"except" to place a limit on ARNP medication prescribing authority
for Schedule II controlled substances. The word "except" appears
in context as an exclusion from broader "prescribing medications"
The terms "prescribe" and "prescription" are terms of art.
The terms "prescribe" and "prescription", when referring to drugs,
typically mean drugs which can be obtained from pharmacies only by
an order from a licensed medical practitioner who has legal
authority to issue such an order or "prescription". A
"prescription" from an authorized licensed practitioner isn't
needed for a patient or consumer to obtain noncontrolled, over-the-
counter medication from a pharmacy.
A "prescription" is needed for a pharmacist to dispense a
controlled substance. See, Neb. Rev. Stat. § 28-414. A
"prescription" is also needed for certain "legend" drugs. Neb.
Rev. Stat. § 28-1437. Section 28-401(11) of the Nebraska Uniform
Controlled Substance Act defines "prescribe" as the act of a
"medical practitioner licensed under the laws of this state in
issuing an order, prescription, or direction to a pharmacist or
pharmacy to dispense a drug as required by the laws of this state".
Thus, the Legislature's use of the words "prescribing" in company
with "medications" in Section 71-1721 signifies an intention to
grant ARNPs broader authority than simply placing orders for over-
the-counter medications which patients could obtain on their own
absent any order from an ARNP.
It also makes little sense that the Legislature intended ARNPs
to have limited Schedule II pain prescribing authority while
simultaneously intending that ARNPs have no prescribing authority
for Schedule III through V controlled substances, which latter
schedules are for less addictive and less dangerous drugs than
Schedule II drugs. There are controlled substances in the
Schedules III through V, such as hydrocodone and dextropropoxyphene
appearing in Schedules III and IV, which can be used for pain
control. The logic of Section 71-1721's limit on ARNP prescribing
Schedule II prescribing authority is not to require ARNPs to
prescribe highly addictive and dangerous Schedule II drugs, instead
of less addictive and dangerous Schedule III through V drugs, to
alleviate pain. Rather, the logic of the statutory limit on
Schedule II prescribing authority is that it is intended to be an
exclusion from broader general authority to prescribe controlled
Thus, the reasonable and necessary construction of Section 71-
1721 is that ARNPs may prescribe Schedule III through V controlled
substances. ARNPs have limited Schedule II prescribing authority
as specified by the statute.
Applying the above logic, ARNPs may also dispense Schedule III
through V sample controlled substances, incident to practice only.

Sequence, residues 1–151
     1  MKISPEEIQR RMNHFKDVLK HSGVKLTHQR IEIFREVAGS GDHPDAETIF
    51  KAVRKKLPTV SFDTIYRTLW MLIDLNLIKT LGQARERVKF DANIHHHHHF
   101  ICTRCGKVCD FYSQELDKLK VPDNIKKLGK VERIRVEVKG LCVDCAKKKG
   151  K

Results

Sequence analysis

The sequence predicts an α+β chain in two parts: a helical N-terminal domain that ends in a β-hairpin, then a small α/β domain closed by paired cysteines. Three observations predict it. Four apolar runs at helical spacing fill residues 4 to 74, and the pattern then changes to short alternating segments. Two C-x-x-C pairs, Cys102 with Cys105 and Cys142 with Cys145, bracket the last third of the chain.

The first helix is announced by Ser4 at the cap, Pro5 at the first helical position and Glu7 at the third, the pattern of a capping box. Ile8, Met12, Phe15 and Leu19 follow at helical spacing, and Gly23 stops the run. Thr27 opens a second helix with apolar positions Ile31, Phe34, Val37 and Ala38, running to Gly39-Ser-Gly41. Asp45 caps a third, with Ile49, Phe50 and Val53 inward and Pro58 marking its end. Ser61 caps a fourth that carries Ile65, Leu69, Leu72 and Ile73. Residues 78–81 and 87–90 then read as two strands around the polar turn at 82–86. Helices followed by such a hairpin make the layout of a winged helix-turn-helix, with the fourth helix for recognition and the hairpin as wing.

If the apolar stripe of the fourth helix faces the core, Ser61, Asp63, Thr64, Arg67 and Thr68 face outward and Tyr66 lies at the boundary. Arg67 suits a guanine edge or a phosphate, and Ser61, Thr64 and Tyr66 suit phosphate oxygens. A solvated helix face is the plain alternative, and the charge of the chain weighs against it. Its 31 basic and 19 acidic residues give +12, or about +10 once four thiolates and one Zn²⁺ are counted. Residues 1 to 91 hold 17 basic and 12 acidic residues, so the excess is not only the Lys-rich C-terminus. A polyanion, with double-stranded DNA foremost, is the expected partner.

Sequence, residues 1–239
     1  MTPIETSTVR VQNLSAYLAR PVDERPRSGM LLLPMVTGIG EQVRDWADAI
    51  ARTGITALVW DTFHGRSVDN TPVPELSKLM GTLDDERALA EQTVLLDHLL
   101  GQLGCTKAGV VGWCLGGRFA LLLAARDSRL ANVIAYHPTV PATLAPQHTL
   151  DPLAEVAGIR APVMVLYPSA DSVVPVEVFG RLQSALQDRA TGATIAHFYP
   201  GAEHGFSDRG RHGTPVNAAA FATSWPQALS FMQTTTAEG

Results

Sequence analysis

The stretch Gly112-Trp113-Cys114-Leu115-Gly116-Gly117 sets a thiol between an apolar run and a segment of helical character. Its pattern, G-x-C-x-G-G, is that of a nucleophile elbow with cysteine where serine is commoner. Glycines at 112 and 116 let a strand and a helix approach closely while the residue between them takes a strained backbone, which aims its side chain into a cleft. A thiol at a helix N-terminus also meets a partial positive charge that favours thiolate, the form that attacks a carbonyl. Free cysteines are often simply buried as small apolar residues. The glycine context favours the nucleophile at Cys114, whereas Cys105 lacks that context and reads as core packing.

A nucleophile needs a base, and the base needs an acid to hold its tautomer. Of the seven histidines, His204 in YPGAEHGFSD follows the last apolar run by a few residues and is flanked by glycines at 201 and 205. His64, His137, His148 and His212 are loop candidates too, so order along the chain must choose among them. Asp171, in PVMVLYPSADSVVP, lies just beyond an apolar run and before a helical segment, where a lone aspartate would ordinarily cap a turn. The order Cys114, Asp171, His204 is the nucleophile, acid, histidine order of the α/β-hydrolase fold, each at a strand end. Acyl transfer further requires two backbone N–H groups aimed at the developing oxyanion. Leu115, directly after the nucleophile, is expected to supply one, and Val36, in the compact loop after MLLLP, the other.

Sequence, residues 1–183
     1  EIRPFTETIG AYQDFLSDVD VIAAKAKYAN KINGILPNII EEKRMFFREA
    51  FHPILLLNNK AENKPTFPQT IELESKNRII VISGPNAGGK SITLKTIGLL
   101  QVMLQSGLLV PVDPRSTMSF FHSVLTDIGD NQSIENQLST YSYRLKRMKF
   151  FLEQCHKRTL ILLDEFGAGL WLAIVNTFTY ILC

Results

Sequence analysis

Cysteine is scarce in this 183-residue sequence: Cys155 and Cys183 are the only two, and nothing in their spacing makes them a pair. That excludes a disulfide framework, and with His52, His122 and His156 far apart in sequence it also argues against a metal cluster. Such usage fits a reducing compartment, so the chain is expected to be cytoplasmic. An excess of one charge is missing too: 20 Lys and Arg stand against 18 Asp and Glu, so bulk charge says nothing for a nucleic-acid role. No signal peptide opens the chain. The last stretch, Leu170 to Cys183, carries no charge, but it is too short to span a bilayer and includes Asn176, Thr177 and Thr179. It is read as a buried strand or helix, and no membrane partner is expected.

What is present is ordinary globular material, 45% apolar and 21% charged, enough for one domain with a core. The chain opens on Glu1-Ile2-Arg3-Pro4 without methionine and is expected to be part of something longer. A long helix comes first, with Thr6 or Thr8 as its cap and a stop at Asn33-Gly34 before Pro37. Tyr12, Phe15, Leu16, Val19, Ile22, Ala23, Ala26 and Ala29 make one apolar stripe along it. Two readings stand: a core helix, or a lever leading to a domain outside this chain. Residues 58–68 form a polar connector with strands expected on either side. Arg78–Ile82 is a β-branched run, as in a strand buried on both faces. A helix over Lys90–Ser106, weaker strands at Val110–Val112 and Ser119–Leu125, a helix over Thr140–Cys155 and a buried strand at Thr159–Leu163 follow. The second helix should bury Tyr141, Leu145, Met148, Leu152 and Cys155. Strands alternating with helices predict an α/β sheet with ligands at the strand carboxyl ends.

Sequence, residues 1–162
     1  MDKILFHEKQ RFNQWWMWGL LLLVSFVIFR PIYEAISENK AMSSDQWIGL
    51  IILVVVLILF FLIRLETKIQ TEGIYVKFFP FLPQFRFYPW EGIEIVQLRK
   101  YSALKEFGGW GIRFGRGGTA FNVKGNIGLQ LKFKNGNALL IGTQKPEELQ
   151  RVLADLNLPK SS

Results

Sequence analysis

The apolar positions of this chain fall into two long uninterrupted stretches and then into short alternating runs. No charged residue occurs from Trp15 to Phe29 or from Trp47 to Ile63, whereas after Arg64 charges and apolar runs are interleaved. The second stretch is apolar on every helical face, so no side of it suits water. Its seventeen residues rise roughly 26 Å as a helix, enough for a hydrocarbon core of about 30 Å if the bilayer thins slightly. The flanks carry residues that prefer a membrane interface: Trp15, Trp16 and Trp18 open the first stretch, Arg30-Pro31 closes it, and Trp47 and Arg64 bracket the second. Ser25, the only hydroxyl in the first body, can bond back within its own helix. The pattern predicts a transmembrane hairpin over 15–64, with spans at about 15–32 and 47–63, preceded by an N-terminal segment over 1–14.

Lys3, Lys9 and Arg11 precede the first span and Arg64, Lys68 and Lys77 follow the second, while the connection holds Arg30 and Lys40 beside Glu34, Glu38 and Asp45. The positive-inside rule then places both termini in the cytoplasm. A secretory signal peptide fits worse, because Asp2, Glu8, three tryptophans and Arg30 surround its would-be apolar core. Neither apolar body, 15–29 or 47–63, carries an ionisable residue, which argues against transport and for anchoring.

The prescribing restrictions on Schedule II controlled substances
also apply to dispensing of sample medications. There is no
indication of any Legislative intent to permit ARNPs to dispense
more or less than they could prescribe. Rather, the intent appears
to be to allow ARNPs to dispense what they can prescribe provided
what they are dispensing is only incident to practice, are samples
which are provided by the manufacturer, and there is no charge to
the patient for the samples.
A final caveat is mentioned. Section 28-407(1) of the
Nebraska Uniform Controlled Substance Act requires every person who
prescribes, distributes, or dispenses controlled substances to
obtain a controlled substance registration issued by the Department
in accordance with the Department's rules and regulations.
Among the purposes of the Uniform Controlled Substances Act is
Another object of this Act is to establish a closed regulatory
system for the legitimate handlers of controlled drugs in
order to better prevent illicit drug diversion. This system
will require that these individuals register with a designated
State agency, maintain records, and make biennial inventories
of all controlled drug stocks.
Uniform Controlled Substances Act, Prefatory Note.
Even though Neb. Rev. Stat. § 71-1721 provides a general scope
of authority for ARNPs to prescribe controlled substances as
discussed in this opinion, Section 28-407 imposes the additional
specific requirement that each ARNP possess a controlled substance
registration issued by the Department prior to actually prescribing
or dispensing controlled substances. Title 172, Neb. Admin. Code,
Chapter 129 contains the Department's regulations for controlled
substance registrations. Specifically, 172 NAC 129:003.01B lists
the categories of licensed professionals who may obtain a
controlled substances registration from the Department under the
authority of Neb. Rev. Stat. § 28-407. 172 NAC 129:003.01B does
not include current Nebraska licensed ARNPs among the licensed
professionals who can obtain a controlled substance registration
from the Department. Thus, the Department may want to consider
reviewing and amending its regulations.
James D. Smith
Assistant Attorney General